Korean Media Arts Festival: Technoimagination
Chan Sook Choi, Yoon Chung Han, Haru Ji and Graham Wakefield Eunsu Kang and collaborators, Hahkyung Darline Kim, Beikyoung Lee, Cheol-Woong Sim
August 8, 2019 — December 14, 2019
The Korean Media Arts Festival (KMAF) aims to present the broadening intersection of art and technology through interactive and data-driven new media installations in 21st century Korean media art ensuing the era of Nam June Paik. The theme of the 2019 edition of KMAF, Technoimagination, as coined by the late media philosopher Vilém Flusser, refers to the technical image culture made possible by the advent of post-text cultural apparatuses such as cameras, televisions, computers and cable networks.
Technoimagination introduces New York to the unique situation and characteristics of media art in South Korea, as a leader of IT in the post-media and post-digital contemporary art era. The media artists presented here engage with this new sociocultural change as they create technological forms as the apparat-operator. The techno code is a new zero-dimensional plane code that combines dotted text with pictures, where time and space cannot be separated as with linear history. Here, space is experienced as synchronized time while time is experienced as diachronized space.
Technoimagination will be presented in two exhibition sub-themes: Memories in Time and Space and Living Data. The seven artists presented in Technoimagination cross the boundary between history and post-history in the context of technoimagination, while creating a new paradigm of space-time at the intersection of art and science.
Memories in Time and Space
The exhibition Memories in Time and Space is presented in two parts across both the 4th and 5th floor galleries. On the 4th floor, Memories in Time and Space I features works by Cheol-Woong Sim , Chan Sook Choi, and Hahkyung Darline Kim, in which the artists reveal the story of the modernization of Korea—with its distortions, lost identities of evicted migrants, and forgotten memories of marginalized groups during the War.
Cheol-Woong Sim, through his interactive installation, exposes the historical distortions and propaganda latent in the English Almanac of the Chosen Government General. Chan Sook Choi reflects on the narrative of the displaced migrants of the village of Yangjiri, a community built for propagandistic purposes towards North Korea. Hahkyung Darline Kim reveals the lost memories of those marginalized during the Korean War. These memories of the past fluctuate between history and post-history as the viewer experiences them within the space-time of technoimagination.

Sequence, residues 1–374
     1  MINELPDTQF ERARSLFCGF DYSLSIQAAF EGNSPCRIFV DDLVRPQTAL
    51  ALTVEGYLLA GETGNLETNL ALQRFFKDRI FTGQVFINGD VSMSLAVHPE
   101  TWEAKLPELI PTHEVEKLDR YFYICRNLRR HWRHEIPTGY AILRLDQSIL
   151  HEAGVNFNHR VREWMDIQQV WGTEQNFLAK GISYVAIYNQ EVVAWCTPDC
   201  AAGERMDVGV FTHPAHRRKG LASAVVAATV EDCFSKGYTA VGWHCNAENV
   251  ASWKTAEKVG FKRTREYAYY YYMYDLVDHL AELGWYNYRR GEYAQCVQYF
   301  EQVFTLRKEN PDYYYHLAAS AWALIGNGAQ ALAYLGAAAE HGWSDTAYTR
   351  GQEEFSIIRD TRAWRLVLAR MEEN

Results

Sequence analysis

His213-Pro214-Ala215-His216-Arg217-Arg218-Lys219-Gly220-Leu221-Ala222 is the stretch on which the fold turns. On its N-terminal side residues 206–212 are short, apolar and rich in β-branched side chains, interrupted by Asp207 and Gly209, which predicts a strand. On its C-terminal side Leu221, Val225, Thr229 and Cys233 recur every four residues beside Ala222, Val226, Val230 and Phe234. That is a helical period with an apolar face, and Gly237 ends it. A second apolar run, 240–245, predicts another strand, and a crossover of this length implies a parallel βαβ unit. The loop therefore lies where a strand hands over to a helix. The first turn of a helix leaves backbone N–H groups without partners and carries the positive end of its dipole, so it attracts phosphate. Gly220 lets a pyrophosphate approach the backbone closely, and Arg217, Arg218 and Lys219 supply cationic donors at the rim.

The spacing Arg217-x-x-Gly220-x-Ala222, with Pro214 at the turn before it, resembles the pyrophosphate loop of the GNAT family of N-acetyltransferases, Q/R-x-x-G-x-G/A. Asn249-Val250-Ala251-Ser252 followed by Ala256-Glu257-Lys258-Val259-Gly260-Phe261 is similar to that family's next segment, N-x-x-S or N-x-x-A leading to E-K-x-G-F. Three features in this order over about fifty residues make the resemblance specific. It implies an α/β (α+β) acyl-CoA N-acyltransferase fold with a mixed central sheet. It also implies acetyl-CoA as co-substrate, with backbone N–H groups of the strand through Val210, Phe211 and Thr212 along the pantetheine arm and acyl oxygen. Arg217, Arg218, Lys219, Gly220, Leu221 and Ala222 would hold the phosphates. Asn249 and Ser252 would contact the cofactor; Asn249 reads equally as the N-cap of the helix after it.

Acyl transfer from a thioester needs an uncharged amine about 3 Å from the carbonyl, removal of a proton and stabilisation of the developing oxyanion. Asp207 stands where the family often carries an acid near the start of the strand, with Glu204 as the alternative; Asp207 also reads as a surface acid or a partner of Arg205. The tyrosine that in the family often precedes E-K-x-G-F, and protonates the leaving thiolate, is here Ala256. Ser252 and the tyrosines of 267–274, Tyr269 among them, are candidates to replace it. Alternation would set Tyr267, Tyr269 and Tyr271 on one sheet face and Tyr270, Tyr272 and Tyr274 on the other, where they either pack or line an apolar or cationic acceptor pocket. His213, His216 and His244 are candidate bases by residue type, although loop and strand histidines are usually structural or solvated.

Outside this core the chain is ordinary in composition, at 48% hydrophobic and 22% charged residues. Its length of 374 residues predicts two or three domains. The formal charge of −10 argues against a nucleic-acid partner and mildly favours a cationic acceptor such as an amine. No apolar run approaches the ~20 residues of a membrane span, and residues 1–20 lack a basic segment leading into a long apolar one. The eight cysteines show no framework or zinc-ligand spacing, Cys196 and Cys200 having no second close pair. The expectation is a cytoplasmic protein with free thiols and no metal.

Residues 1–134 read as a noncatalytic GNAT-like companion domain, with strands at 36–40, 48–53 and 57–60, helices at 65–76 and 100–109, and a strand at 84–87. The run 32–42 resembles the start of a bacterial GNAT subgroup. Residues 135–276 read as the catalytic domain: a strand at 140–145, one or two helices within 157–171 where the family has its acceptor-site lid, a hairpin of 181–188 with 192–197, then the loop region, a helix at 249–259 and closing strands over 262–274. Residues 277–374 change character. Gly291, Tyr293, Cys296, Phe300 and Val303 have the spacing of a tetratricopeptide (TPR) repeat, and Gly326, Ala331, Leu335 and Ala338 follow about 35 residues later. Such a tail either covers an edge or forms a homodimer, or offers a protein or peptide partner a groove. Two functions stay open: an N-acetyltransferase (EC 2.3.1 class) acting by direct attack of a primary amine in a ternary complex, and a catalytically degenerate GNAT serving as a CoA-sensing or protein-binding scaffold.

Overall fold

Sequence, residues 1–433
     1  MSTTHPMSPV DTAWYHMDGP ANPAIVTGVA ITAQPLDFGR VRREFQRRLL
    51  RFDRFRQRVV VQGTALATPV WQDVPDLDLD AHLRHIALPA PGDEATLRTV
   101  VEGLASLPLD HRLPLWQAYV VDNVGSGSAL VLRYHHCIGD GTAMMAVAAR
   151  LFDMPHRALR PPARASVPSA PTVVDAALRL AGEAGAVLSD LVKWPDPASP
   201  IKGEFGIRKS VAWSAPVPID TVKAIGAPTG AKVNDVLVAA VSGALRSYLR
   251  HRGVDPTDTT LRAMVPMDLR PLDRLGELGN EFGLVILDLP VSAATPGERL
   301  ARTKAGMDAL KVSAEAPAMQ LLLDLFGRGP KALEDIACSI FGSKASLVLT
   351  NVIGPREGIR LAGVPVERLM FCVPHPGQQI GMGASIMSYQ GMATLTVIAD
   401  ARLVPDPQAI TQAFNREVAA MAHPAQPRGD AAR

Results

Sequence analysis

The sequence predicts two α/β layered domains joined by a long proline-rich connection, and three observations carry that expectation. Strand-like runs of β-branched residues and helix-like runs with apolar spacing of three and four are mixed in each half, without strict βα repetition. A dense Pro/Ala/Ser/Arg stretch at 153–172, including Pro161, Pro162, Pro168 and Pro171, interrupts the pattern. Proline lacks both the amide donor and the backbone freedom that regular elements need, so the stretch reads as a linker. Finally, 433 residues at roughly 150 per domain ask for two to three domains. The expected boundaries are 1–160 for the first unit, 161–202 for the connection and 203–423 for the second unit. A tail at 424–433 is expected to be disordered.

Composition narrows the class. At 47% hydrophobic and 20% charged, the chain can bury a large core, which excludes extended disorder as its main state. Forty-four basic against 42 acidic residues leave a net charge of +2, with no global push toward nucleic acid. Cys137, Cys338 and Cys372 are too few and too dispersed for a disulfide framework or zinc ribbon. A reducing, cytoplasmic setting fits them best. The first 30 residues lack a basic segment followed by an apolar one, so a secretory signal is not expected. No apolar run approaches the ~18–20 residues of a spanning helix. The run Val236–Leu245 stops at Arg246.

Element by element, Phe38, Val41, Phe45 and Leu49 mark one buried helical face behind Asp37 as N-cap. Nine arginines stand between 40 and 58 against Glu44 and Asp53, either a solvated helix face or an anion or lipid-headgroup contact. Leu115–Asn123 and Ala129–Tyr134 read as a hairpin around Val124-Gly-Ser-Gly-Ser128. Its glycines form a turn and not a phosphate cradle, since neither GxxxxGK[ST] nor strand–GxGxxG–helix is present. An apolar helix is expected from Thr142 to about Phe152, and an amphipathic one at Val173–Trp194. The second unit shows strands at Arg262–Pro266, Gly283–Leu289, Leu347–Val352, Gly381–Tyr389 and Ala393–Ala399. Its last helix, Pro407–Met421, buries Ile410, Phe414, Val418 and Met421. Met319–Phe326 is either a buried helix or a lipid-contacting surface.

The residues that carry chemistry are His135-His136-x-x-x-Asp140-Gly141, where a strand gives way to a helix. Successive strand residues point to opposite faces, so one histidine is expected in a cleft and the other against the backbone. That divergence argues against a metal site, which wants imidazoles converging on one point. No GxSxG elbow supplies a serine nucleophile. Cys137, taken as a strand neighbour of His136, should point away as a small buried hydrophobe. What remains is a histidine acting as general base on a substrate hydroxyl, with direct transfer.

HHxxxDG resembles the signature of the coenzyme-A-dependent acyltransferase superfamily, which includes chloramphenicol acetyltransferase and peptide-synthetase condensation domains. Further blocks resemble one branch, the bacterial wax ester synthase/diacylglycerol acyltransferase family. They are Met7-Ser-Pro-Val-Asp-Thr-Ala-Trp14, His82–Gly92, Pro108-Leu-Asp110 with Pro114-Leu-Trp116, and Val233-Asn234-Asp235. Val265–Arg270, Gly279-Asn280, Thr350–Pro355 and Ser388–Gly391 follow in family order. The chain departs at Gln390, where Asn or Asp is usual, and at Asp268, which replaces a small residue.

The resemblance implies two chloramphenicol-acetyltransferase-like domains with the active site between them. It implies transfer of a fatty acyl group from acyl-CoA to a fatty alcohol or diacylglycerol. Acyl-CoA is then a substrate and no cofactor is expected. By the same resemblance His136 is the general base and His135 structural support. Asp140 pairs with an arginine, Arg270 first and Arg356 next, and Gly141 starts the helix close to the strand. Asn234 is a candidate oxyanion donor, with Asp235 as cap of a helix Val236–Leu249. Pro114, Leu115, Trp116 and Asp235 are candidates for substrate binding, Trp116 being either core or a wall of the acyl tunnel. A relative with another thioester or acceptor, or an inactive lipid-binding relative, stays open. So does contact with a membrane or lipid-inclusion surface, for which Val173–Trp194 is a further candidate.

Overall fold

On the 5th floor, a different Memories in Time and Space II is presented. Beikyoung Lee’s Thoughtful Space brings the viewer into the abstract and transcendental space-time between actual and virtual realities. In transcendental space-time, sensory memories extend the limitations of the world in which we exist.
Ever since the advent of the internet, an influx of data has become available from a variety of sources. As an era of Big Data has dawned upon us, the amount of unstructured data and the methods of its analysis have greatly increased, thereby intensifying the imperative to know the types of data to extract and filter, today a common interest in all fields including the arts.
Living Data presents data based works by Haru Ji & Graham Wakefield, Yoon Chung Han, and Eunsu Kang and collaborators. As artists and educators who have combined art and data in the labs of universities, they explore post-information age themes including the ethical issues in artificial intelligence, the privacy of biometric data, and the living systems of virtual environments.
Haru Ji & Graham Wakefield’s Infranet employs an artificial life agent with an evolutionary neural network that transforms urban infrastructural data into a virtual artificial ecosystem. Eyes by Yoon Chung Han utilizes biometric data to transform iris patterns into an interactive installation of musical sound and 3D-animated images. Eunsu Kang’s Aural Fauna presents an unknown organism form, called aural fauna, that enigmatically reacts to visitors’ sound and touch.
The three works presented in Living Data expand the boundaries of creative expression through their visualization of analyzed data, revealing a data-dependent artistic communication relevant to contemporary society’s data dependency.
Technoimagination: Memories in Time and Space and Technoimagination: Living Data have been co-curated by Odelette Cho of SWPK and Kyung Ran Joo of FUSE Art Project. The 2019 Korean Media Arts Festival is organized by the Donghwa Cultural Foundation, sponsored by the Korea Foundation, and presented in collaboration with SWPK and Harvestworks.